Wednesday, December 16, 2009
Private Christmas traditions
Most families have Christmas traditions of some sort, but what about personal ones? Do you have those?
I tend to set aside a few hours to wrap the gifts I'm giving - I actually love wrapping - while watching Little Women with candles and a lit Christmas tree. It's very cosy and I always look forward to it.
What habits do you enjoy at Christmas?
Selecting and writing my Christmas cards: I enjoy using fountain pens for most personal writing, and, when I can justify it to myself, I visit a pen store and buy a new bottle of ink for the cards. Unfortunately, as bottles of ink outlast the year or two in which I buy them, I've now got three different kinds of green ink, two different reds, and two different browns. (Yes, I am a spendthrift.)
Scented candles, definitely. It's the one time I'm ready to play Christmas music; last year the cards got written mostly to the Trans Siberian Orchestra (wonder what that did to the rhythm of my prose, such as it is?), and I think they'll be brought back for an encore this year.
Why is the verification word the almost-vampiric "lamea"? Or should I just take the first four letters as Blogger's assessment of my Christmas tradition?
Listening to the best Christmas album in the history of recorded music--the soundtrack to A Charlie Brown Christmas by the Vince Guaraldi Trio.
(Word verification: "tustori" which looks a bit like a drunkenly blurted version of "true story.")
I decorate my lucky bamboo with tree ornaments (usually instead of a tree altogether), I eat I Indian takeout either the 23rd or the 24th (24th is the main day here) - to my family's sometime consternation.. I also thoroughly enjoy making my cards, and putting them in envelopes and writing all the adresses. Wrapping gifts. I listen to christmas music while I commute - last year I got hold of a compilation of punk rock covers of a lot of classical christmas music which always cheers me on a dark and rainy December morning. Also the season's first ginger snaps on December 1st, with a cup of black tea.
I put the Christmas tree up and decorate it nicely with tinsel and baubles. At night, the cats come to investigate. Then, the next day, I put the Christmas tree back up and decorate it nicely...
[I hope this counts] We have a tradition when we gather 'round every night of Hanukkah to play a Bible dice game. One child rolls a set of dice which selects the page number, the other rolls for the passage. We then read and analyze the phrase for how it could relate to our day.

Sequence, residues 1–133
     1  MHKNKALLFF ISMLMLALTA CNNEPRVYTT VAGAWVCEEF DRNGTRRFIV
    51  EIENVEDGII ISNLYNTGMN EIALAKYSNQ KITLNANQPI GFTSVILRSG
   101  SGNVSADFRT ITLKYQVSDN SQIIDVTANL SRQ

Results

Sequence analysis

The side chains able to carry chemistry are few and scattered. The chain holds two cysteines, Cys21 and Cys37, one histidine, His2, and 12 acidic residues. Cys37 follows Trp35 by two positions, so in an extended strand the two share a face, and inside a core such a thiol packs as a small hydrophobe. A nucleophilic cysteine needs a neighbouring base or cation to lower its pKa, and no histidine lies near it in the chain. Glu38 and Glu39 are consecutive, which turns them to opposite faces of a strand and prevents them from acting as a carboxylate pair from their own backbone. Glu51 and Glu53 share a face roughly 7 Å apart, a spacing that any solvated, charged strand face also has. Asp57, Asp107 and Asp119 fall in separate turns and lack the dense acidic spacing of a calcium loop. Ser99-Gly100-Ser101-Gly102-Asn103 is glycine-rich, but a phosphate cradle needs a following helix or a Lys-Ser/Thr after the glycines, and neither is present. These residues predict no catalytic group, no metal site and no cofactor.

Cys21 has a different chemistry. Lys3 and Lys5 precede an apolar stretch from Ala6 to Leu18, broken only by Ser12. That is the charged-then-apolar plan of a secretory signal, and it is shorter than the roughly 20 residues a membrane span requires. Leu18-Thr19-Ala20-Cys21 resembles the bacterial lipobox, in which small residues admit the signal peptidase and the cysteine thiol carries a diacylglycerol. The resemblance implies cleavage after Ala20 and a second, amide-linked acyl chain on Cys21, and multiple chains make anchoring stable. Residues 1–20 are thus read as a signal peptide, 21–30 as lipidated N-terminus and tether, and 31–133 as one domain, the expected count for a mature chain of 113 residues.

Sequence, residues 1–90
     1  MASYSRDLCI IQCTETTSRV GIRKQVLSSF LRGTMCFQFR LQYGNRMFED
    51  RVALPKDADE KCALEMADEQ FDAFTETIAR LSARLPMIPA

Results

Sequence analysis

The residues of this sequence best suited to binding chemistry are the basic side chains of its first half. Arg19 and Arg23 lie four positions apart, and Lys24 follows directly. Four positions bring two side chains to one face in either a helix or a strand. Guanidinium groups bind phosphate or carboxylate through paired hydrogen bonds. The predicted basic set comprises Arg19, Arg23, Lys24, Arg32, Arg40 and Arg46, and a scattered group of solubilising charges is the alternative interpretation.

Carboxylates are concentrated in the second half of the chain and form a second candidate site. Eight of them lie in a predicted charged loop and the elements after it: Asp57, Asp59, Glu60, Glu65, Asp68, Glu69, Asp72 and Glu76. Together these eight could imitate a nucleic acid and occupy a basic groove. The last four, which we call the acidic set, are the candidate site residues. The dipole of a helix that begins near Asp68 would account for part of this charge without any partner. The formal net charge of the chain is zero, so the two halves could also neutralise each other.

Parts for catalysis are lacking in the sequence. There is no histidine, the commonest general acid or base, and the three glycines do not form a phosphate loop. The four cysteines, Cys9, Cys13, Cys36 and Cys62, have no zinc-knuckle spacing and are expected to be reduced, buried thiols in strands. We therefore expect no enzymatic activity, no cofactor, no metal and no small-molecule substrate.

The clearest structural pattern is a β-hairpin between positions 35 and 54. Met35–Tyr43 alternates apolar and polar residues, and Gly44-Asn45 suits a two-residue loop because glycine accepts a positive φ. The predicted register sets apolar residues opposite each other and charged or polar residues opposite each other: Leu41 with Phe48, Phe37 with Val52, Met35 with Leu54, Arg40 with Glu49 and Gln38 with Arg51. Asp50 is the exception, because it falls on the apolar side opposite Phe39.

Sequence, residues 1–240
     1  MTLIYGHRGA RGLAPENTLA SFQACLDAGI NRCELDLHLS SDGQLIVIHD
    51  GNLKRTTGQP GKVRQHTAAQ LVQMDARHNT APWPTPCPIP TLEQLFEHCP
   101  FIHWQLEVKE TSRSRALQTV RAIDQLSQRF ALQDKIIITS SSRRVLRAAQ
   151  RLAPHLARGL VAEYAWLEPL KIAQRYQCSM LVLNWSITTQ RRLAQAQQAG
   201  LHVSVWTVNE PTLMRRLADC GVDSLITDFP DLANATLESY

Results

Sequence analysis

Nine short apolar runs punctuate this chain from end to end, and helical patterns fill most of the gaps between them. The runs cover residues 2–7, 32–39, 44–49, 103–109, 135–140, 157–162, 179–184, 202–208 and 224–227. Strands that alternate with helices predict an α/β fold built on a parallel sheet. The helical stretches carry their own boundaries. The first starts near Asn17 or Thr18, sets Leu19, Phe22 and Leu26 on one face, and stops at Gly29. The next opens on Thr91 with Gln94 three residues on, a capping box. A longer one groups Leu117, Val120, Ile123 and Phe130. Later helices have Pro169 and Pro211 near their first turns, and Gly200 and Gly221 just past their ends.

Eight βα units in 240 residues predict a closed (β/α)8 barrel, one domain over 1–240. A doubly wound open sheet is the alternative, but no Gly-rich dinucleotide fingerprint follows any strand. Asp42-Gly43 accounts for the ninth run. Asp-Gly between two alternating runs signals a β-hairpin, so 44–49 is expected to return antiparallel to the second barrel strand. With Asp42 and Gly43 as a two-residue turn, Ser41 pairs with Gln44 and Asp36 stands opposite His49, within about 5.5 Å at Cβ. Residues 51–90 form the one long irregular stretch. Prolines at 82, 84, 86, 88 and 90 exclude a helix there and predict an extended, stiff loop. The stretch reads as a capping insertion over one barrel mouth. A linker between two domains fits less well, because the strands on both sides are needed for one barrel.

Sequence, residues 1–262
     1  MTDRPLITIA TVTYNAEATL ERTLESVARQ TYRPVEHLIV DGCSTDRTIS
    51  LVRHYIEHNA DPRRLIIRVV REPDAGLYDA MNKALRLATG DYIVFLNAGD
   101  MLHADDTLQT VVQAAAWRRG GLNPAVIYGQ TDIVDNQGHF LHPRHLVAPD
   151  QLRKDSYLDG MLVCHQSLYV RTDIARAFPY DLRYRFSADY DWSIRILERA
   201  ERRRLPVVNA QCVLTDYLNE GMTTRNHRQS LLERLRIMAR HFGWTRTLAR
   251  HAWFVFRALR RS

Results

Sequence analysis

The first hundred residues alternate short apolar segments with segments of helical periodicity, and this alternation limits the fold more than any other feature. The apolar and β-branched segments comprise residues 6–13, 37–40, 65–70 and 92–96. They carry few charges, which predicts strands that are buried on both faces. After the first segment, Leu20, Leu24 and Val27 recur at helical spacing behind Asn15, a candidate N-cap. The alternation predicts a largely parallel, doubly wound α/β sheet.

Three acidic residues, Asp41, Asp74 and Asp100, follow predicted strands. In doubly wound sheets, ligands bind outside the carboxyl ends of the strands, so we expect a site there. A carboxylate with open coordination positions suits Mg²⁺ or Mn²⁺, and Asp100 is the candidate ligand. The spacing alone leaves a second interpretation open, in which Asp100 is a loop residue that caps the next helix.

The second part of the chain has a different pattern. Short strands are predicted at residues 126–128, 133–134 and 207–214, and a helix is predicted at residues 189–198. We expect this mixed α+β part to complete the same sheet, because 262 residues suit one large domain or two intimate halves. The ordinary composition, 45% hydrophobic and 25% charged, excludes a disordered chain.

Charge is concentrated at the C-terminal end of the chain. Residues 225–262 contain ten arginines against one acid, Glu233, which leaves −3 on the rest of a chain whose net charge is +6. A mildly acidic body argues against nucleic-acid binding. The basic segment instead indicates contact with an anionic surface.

It helps familiarize them to the Tanakh, *and* helps with their critical reading skills: they see how passages can be taken out of context, the draw of confirmation bias, and so forth.
I delight in bringing this up because last night, we ended up with Psalm 39:9. Which is, "Deliver me from all my transgressions; make me not the butt of the benighted". My subsequent shriek of "That book is FANTASTIC" was hard to explain.
One night during Christmas week, when the house is quiet and all the work's been done, sitting near the Christmas tree with a glass of eggnog (possibly with a little something in it), listening to traditional Christmas music and re-reading A Christmas Carol quietly to myself. Or watching the DVD of A Child's Christmas in Wales is also good.
Here's a poet's take on the subject.
I have a set of Christmas music mixes which I play every year. They're a little... unorthodox... but I blame that on the time I spent working in retail.
Also, I try to find time every year for my two favorite Christmas movies: Lethal Weapon and Die Hard.
Now, of course, the Small Boy is three and a half, so we're picking up a lot of podling-related customs: making cookies, watching Christmas specials, and hiding the wrapping paper so it doesn't get used as a light saber.
I enjoy the holiday, I really do, but the holiday season often seems like more trouble than it's worth.
Listening to my CD of "Nine Lessons and Carols" from Westminster after everyone has gone to bed on Christmas Eve.
Also, fuzzy slippers and silk pajamas Christmas morning.
[verification word: "sarrainf", which is an Anglicization of a traditional Middle Eastern dessert, including nuts, sultanas, honey, and sweet spices]
Making Safe the Cracker: Using only the tools you have about your person, extract the explosive charge from your Christmas cracker without detonating it, and with the minimum of compromise to the cracker's structure. Then set it off. Comments along the lines of "clock-stopper on" and "cut the red wire" are optional.Post a Comment
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